Look at the style of this blog. The blog's owner, National Geographic magazine, has some stock phrases (in BOLD) and the guest is invited to complete the sentences.
Albuquerque is My City
When someone comes to visit me, the first place I take them is ______________
Fall is the best time to visit my city because ______________
You can see my city best from ______________
Locals know to skip ______________ and check out ______________ instead. ______________
______________ is the place to buy authentic, local souvenirs. ______________
In the past, notable people like ______________ have called my city home.
My city’s best museum is ______________
If there’s one thing you should know about getting around my city, it’s that Albuquerque’s not a place you’d want to rely on public transportation. But there are wonderful bike paths and trails.
The best place to spend time outdoors in my city is at one of the city’s many golf courses, including the high-end Sandia Resort course. Or at Tiguex Park downtown on a summer night when live music is being played next door at the Albuquerque Museum.
My city really knows how to celebrate beer at our awesome Beer Week festival.
You can tell if someone is from my city if they finish sentences with “eh” and everything they say sounds like a question.
For a fancy night out, Iprefer the Bien Shurrestaurant at the Sandia Casino for drinks and food, followed by a concert at the casino’s spectacular outdoor amphitheater.
Just outside my city, you can visit ______________
My city is known for beingt ______________ , but it’s really ______________
______________ are my favorite places to grab breakfast, and ______________ is the spot for late-night eats ______________
To find out what’s going on at night and on the weekends, read ______________
My city’s biggest sports event is ______________ Watch it at ______________
When I’m feeling cash-strapped, I ______________
To escape the crowds, I ______________
If my city were a celebrity it’d be ______________
The dish that represents my city best is ______________ ,and ______________is my city’s signature drink.
______________ is my favorite building in town because ______________
The most random thing about my city is ______________
______________ is the best place to see live music. If you’re in the mood to dance, check out ______________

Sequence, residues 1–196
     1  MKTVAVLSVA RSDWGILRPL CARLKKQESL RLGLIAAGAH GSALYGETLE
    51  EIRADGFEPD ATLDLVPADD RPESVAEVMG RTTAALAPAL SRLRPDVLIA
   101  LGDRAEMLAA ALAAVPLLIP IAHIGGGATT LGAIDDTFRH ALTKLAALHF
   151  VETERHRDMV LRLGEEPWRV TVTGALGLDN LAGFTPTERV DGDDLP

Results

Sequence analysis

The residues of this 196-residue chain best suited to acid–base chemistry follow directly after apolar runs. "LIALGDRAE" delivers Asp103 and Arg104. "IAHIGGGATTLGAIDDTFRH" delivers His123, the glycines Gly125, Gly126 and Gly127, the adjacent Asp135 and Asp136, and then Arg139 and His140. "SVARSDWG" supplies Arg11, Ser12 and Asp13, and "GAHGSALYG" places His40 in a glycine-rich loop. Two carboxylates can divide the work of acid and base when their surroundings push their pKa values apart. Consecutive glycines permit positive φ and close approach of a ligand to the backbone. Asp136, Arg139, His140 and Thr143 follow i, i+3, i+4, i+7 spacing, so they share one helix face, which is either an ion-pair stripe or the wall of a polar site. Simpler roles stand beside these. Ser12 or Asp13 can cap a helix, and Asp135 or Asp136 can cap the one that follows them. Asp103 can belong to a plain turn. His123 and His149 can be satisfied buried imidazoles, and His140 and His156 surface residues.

In the spring you should ______________
In the summer you should ______________
In the fall you should ______________
In the winter you should ______________
If you have kids (or are a kid at heart), you won’t want to miss ______________
The best book about my city is ______________
When I think about my city, the song that comes to mind is ______________
In 140 characters or less, the world should heart my city because ______________ Keywords: ______________
To see how this could look, visit this blog.
REPLY BY Cary Elcome in Japan
I've been doing things like this in small chunks with my once-a-week older students here.
My starting point is:
"I cannot read Japanese. Please tell me what this is all about"
"Can you give me the major points from this?"
"What's this line / symbol / name / picture?"
"A foreigner is looking lost, but has this [map, guidebook] in his/her hand. Can you help him/her?"
"You have volunteered to help non-Japanese-speaking tourists in your home town. Can you prepare a short talk using this leaflet?"
"I'm thinking about going to (place). I've got these leaflets. Can you put together a programme for me?"
In fact, I collect all kinds of tourist fliers, train timetables, menus and other free bumf and distribute them either individually or in groups (for instant on-the-spot work or as homework preparation) get them to tell me about them (as I cannot read Japanese, this is an authentic exercise!!) I can isolate a grammar point or two and practise it/them, plus the students gain real, practical, LOCAL vocabulary. They also have to explain and/or translate... that's a useful skill!
If you have ENGLISH fliers, and you don't want to waste paper and photcopying, here's a way to develop your use of this material:
you need some fliers and post-it strips to hide certain expressions. Students write (on a piece of scrap) the missing words they hear when you read the text to them, then peel off the post-its. Another way (if you have an OverHead Projector) is to make an acetate of the original, then Tippex out certain words and phrases from ANOTHER copy and make an acetate of it. You're set up for life!
This all leads on to an essential feature of (language) teaching in a poor country.
a) DON'T bombard (children) or learners with global coursebooks full of European / American / "White" faces, kids with mobiles, smart cars, houses with TVs and AC. We immorally introduce a nasty, insidious Western bias into a fragile cultuure which may be very ancient and interesting, deserving of our attention and usefully practised (tourism, commerce, school).
b) Let's take our cue from LOCAL circumstances and lifestyles and base our lessons on what is immediate and relevant, at hand in the area, rather than arrogantly assuming that our learners should implicitly learn about our nonsensical accoutrements and time-wasters!
(I have used this approach quite successfully in Laos. I believe it's crucial.)
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